Some distillers take pride in being hands on in their whiskey production, but Master Distiller John Lunn and Distiller Allisa Henley took that to a whole new level in late March when they unloaded four ricks of sugar maple wood from the trailer hitched to the back of John’s pick-up truck and began burning it in his backyard.
Lunn and Henley know a thing or two about making charcoal from sugar maple and then using that in the Lincoln County Process, since they are respectively the former Master Distiller and Distiller of George Dickel. Lunn left Dickel in 2015 and Henley followed in July 2016, both landing at Popcorn Sutton Distillery before that was bought by Sazerac at the end of last year.
Burning maple creates the charcoal for the Lincoln County process, essential for making authentic Tennessee whiskey, something Lunn and Henley are anxious to do now that they have joined the Sazerac family. Late last year, Sazerac purchased the distillery in Newport Tennessee, and although the distillery has yet to have a formal new name, Lunn and Henley are not letting that stop them from making authentic Tennessee whiskey.
“We know it’s going to take many years for this whiskey to age up, so we were anxious to get started on production as soon as possible,” stated Henley. And what a start! The wood was sourced from a sawmill in Tennessee and each rick contains pieces of maple approximately two inches by two inches and stacked in a specific way to let air flow through for a more consistent burn. Lunn and Henley took extra care in burning this charcoal and plan to be involved very closely in each step of the production process to ensure the highest quality Tennessee whiskey is produced.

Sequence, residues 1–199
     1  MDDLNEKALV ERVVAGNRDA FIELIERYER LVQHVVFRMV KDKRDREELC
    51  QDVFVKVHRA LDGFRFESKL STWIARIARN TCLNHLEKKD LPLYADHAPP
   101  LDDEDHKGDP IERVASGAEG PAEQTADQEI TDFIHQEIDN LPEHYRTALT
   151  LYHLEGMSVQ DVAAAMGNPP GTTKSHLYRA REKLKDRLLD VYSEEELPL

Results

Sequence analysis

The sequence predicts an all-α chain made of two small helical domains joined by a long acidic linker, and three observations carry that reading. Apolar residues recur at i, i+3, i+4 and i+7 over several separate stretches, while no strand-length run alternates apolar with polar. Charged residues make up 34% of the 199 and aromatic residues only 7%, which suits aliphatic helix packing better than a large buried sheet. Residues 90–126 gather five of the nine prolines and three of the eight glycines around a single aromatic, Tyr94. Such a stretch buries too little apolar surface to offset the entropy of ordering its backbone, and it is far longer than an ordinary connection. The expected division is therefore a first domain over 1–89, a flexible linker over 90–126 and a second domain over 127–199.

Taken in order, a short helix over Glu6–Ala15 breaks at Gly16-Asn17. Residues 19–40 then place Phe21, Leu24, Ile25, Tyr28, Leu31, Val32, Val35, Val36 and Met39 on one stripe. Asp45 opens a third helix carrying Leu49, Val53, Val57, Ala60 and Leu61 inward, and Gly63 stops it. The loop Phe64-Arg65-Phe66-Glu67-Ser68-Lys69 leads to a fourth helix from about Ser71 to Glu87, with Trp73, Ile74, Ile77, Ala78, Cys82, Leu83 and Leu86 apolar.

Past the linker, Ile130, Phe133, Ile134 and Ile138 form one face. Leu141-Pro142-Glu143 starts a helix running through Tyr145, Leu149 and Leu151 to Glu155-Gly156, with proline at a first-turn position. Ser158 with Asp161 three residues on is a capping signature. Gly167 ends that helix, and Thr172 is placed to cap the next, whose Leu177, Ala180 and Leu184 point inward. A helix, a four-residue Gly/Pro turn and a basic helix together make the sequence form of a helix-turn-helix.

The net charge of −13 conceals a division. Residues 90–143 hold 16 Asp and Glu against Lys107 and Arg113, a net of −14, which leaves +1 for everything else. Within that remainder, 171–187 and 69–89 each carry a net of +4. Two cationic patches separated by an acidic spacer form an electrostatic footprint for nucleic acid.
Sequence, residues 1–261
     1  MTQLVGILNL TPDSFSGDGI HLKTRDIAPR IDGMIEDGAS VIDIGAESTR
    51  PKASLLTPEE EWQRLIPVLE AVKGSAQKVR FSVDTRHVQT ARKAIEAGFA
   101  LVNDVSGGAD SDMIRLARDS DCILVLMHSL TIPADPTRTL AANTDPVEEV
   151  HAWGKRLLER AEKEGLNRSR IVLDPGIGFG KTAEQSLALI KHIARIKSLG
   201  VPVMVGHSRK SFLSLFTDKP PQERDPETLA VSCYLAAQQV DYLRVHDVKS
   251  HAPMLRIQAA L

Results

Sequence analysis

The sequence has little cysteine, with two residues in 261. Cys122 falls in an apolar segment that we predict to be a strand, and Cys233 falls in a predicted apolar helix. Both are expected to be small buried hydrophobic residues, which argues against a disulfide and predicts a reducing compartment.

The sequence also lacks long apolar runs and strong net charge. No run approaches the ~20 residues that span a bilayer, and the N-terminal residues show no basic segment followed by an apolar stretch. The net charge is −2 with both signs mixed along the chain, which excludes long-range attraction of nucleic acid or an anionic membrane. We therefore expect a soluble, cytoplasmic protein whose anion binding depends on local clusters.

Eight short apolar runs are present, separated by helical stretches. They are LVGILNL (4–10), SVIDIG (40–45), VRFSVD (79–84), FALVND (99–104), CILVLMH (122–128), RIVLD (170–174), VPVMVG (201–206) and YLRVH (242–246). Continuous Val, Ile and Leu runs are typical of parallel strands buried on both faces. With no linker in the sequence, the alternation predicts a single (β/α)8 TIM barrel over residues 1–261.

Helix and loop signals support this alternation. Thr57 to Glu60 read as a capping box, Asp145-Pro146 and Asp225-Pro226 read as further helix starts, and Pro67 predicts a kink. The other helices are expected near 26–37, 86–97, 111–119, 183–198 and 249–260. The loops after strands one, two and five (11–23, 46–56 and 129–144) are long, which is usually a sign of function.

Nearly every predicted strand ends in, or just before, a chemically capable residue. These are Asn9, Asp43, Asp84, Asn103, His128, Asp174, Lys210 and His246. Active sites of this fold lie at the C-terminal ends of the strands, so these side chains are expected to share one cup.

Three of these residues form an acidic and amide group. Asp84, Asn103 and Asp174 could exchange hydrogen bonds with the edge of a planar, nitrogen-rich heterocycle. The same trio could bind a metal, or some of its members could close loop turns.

“We believe we can produce a better charcoal ourselves rather than buying it from a third party,” said Henley. “It is a very controlled process. We don’t want it to burn too long, but not too short either.” To be classified a Tennessee whiskey the whiskey must be filtered through maple charcoal. The charcoal mellowing process will influence the whiskey making for a unique finish that distinguishes it from bourbon.
Lunn and Henley will continue to burn more wood themselves as it is needed for the future, but for now, the next step is whiskey production. “The grains are in, the charcoal is ready, the barrels are here and we’re gearing up to start distilling in our pot stills, so stay tuned for more updates,” added Henley.
The Tennessee whiskey, like the distillery, does not have a brand name yet, but announcements will be forthcoming as new developments are made.